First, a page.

jwest.jpgJohn Carl West, the former governor of South Carolina, died on March 21 from cancer. He was 81.
West graduated from The Citadel and attained the rank of Army major during World War II for deciphering Japanese signals for the Pentagon. At the end of the war, he served in Japan as part of the U.S. Strategic Bombing Survey and earned an Army Commendation Medal. In 1946, he returned to the states, obtained a law degree from the University of South Carolina and delved into politics.
West was elected as a Democrat to the state Senate in 1954 and became the state’s lieutenant governor in 1967. When he won the gubernatorial race in 1970, West pledged to rid the state government of “any vestige of discrimination” and to make it “colorblind.” Known as a man who embraced change, West hired James Clyburn as a senior aide. Clyburn later ran the State Human Affairs Commission that West set up in 1972, and became the state’s first black U.S. representative since Reconstruction.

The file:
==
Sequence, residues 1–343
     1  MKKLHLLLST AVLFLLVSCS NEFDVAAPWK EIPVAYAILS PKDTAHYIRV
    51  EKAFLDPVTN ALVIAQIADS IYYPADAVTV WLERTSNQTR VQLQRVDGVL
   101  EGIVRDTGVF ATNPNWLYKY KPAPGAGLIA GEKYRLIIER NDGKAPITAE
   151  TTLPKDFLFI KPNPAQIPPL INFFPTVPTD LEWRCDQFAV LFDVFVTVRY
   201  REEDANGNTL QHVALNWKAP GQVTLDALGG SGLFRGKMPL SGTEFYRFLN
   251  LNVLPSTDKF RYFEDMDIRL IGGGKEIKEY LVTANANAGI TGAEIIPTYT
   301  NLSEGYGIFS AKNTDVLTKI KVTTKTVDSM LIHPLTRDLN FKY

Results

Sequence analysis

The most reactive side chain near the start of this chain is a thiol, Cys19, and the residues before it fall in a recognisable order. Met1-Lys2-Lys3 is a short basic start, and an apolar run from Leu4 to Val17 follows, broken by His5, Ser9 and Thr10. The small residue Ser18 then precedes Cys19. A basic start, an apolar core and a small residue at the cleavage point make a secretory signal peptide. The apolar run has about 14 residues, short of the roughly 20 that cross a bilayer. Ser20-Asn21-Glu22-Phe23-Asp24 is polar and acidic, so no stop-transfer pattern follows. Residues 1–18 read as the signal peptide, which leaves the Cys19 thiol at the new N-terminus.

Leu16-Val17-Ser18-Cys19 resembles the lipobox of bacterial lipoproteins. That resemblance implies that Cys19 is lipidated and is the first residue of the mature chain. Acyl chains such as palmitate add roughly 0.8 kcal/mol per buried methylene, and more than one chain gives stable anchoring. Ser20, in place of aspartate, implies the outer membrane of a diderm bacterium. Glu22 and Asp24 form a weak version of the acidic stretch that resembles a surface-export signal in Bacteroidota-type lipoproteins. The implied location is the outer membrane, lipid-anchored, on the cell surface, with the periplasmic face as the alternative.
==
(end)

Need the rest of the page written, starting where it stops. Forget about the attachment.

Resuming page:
During his tenure as governor, West created a state housing authority to run programs to help low-income individuals and families obtain affordable housing. He also passed a law that required mandatory auto insurance for all drivers and vetoed a bill re-establishing capital punishment. The Legislature later overrode the veto.
Once his term in office ended in 1975, West set up law practices in Camden and Hilton Head, S.C. Two years later, President Jimmy Carter appointed him ambassador to Saudi Arabia, where he served until 1981. His final years were spent teaching Middle East studies at the University of South Carolina. The John C. West Forum on Politics and Policy, a nonpartisan, nonprofit civic leadership institute, was established at USC in 2002.